Book cover of A View From the Middle by Larkin Campbell

Larkin Campbell ’91 Comm.

2021

 

Clint Eastwood. Tom Cruise. Steve Carrell. Larkin Campbell has crossed paths with them and more. But, as the title of his memoir suggests, you’ve likely never heard of him. And you might not even recognize him, unless you are a fan of the 125th episode of The Office, in which he plays Coach Shane, husband of the girlfriend of main character Michael Scott.

Campbell has made a career of playing non-recurring TV roles and serving as a movie stand-in. He’s written screenplays that haven’t sold and short films seen by, he says, “hundreds,” plus this book and several articles about “life as an actor who’s been relegated to staying home with the kids.” He has three: twin sons and a daughter.

Campbell moved to Los Angeles⁠—or, as he calls it, “the land of undiscovered actors”⁠—right before getting his degree. He drove down for an internship at Entertainment Tonight, where he sometimes brought Mary Hart and Leeza Gibbons breakfast. He more or less never left La La Land.

It’s where he met his wife, assistant director Maria Battle Campbell, who’s working on the Avatar sequels. While her career climbed, his went up and down, and⁠—for long periods of time⁠—flatlined. He once went 28 auditions in a row without landing a gig. Other times, according to IMDb, he scored roles like Maintenance Man No. 1, Hospital Father, Idiot Golfing Friend, and Desk Officer. In 2009, he booked one job.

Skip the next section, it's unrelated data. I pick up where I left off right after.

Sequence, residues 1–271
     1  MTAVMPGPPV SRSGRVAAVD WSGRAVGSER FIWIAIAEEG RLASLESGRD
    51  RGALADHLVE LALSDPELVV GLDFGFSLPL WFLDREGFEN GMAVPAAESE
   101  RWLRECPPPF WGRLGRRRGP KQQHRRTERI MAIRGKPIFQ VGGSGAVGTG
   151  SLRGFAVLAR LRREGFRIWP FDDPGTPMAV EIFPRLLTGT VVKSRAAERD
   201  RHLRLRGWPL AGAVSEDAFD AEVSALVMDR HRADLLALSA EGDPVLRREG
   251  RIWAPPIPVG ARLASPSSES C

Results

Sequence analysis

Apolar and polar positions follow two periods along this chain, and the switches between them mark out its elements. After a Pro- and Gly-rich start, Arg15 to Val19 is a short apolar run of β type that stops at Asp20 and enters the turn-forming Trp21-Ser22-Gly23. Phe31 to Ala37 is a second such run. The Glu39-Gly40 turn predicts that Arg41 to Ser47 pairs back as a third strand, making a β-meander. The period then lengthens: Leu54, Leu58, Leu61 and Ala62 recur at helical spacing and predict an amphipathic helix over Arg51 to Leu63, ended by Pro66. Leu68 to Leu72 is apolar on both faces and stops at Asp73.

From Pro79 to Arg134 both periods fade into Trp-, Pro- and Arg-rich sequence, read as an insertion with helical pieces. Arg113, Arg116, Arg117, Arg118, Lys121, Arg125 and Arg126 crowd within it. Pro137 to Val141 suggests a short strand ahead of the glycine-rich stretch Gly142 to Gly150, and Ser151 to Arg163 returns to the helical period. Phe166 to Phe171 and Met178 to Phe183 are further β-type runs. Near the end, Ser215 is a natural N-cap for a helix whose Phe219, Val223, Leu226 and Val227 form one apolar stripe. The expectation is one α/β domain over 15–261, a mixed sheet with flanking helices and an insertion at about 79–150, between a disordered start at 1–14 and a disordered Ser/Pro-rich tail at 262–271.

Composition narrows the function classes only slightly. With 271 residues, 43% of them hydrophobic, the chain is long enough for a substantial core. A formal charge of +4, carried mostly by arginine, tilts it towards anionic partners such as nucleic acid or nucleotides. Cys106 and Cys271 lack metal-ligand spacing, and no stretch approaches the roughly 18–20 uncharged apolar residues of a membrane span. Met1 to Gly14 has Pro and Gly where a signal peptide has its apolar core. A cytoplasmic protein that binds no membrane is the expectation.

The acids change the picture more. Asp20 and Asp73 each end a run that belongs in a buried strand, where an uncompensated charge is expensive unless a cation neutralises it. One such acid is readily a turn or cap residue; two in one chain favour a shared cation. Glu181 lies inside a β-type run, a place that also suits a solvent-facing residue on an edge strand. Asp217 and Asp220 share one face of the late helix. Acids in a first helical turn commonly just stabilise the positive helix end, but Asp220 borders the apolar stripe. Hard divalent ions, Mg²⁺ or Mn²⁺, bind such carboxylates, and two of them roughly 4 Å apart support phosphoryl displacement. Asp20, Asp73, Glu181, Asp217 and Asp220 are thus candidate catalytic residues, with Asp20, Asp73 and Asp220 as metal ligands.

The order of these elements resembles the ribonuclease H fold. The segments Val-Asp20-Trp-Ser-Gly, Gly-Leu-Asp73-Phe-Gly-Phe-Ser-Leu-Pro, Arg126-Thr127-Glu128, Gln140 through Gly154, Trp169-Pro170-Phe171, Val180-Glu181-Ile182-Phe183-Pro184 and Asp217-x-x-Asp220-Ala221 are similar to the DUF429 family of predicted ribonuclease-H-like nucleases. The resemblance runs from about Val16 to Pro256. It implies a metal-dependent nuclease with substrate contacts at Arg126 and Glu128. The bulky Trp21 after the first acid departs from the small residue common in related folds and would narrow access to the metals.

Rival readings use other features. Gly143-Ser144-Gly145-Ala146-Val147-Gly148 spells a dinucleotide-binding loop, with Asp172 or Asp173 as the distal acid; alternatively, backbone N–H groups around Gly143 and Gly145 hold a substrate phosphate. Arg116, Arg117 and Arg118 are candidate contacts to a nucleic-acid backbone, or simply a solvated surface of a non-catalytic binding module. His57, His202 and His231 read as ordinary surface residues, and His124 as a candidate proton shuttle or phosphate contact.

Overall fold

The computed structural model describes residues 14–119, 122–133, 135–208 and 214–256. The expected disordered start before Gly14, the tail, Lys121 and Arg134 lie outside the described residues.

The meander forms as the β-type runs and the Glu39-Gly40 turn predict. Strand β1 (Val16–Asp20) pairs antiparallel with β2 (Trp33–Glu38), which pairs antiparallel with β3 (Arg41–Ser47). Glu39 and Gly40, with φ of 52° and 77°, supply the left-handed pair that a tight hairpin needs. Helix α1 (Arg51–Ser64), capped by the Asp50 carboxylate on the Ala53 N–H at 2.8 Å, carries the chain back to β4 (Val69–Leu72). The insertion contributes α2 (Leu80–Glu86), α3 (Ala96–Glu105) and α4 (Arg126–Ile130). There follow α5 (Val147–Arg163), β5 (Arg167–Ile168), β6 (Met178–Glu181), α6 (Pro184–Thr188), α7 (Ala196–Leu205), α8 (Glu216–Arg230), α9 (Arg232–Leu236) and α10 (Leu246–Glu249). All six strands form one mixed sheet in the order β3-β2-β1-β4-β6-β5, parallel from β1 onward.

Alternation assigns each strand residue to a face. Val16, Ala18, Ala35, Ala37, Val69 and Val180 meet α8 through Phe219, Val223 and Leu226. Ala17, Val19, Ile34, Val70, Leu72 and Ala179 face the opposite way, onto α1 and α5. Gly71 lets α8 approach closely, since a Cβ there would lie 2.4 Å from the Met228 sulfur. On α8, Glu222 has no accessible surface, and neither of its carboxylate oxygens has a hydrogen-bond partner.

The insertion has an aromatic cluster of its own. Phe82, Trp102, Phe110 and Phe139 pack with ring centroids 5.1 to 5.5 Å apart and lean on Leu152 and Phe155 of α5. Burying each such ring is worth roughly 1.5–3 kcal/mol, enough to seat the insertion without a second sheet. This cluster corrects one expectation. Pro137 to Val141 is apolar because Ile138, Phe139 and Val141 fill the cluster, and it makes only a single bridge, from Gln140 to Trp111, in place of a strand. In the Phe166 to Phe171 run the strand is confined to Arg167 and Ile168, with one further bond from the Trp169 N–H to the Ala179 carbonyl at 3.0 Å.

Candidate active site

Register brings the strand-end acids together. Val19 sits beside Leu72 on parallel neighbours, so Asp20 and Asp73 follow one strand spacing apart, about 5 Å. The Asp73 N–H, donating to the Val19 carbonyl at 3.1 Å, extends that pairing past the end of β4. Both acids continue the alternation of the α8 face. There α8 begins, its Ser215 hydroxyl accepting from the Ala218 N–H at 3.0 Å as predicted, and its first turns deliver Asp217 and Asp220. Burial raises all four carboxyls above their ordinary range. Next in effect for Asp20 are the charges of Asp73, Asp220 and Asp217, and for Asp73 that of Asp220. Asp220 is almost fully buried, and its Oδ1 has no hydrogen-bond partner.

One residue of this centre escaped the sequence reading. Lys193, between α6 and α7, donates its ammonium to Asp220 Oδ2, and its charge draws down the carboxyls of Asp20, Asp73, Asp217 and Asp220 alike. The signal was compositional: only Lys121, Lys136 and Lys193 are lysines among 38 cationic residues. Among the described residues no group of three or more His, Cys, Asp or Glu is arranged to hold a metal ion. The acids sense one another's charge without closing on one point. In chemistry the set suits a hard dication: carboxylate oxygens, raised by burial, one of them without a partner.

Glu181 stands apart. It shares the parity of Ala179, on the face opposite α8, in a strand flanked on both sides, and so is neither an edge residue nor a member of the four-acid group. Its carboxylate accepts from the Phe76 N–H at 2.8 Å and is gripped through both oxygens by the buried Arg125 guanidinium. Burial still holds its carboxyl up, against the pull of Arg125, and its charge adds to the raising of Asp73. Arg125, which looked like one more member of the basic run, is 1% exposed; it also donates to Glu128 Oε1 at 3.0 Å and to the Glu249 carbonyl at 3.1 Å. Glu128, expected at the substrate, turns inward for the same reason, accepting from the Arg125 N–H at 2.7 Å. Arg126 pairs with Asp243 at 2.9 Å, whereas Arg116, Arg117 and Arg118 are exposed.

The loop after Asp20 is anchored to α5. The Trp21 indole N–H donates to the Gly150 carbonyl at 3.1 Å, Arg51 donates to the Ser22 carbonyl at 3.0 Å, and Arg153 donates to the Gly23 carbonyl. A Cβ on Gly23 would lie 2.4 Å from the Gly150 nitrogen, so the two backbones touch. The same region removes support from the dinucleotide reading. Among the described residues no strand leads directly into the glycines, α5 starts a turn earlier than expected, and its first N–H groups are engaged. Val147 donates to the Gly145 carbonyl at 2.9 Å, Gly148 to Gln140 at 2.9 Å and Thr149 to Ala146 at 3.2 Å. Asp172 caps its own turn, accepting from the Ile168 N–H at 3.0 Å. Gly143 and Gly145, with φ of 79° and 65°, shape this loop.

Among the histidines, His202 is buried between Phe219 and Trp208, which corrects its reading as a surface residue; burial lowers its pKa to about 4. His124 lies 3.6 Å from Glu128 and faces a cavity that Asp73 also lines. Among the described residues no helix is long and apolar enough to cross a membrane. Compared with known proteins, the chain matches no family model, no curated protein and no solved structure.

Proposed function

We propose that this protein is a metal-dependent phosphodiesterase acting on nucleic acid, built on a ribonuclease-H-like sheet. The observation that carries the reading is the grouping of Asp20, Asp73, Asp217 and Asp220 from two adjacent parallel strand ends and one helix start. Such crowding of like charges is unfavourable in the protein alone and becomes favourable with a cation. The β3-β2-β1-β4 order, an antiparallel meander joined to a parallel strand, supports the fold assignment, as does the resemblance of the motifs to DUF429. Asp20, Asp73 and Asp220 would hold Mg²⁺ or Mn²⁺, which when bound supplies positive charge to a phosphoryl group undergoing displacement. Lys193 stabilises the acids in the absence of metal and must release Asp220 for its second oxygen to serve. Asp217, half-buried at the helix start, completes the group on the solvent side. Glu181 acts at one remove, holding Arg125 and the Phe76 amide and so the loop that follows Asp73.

Campbell deals with the rejection, disappointment, and anxiety of life as a struggling, “nonathletic, average-looking” actor with humor and by throwing himself into his two favorite roles: husband and father. His amusing memoir details 30 years of adventures in the industry⁠—from a young Hollywood hopeful to a veteran of auditions, casting calls, call-backs, and set-backs.

A View from the Middle offers a lively look behind the scenes. Campbell, who sometimes refers to himself in third person, is comical, self-deprecating, and full of praise for his favorite stars. Readers might sense there’s more to some of the stories, such as anecdotes from when he was an assistant to Roseanne Barr and Tom Arnold.

Still, Campbell writes, “This business is nothing short of magical. There is no other art form like it … The joy is in the journey … and although at times, my career felt elusive, it’s been a big overblown joy for this guy. … If success means you love where you are and what you have done, then I’ve won the California State Jackpot Lottery ten times over.”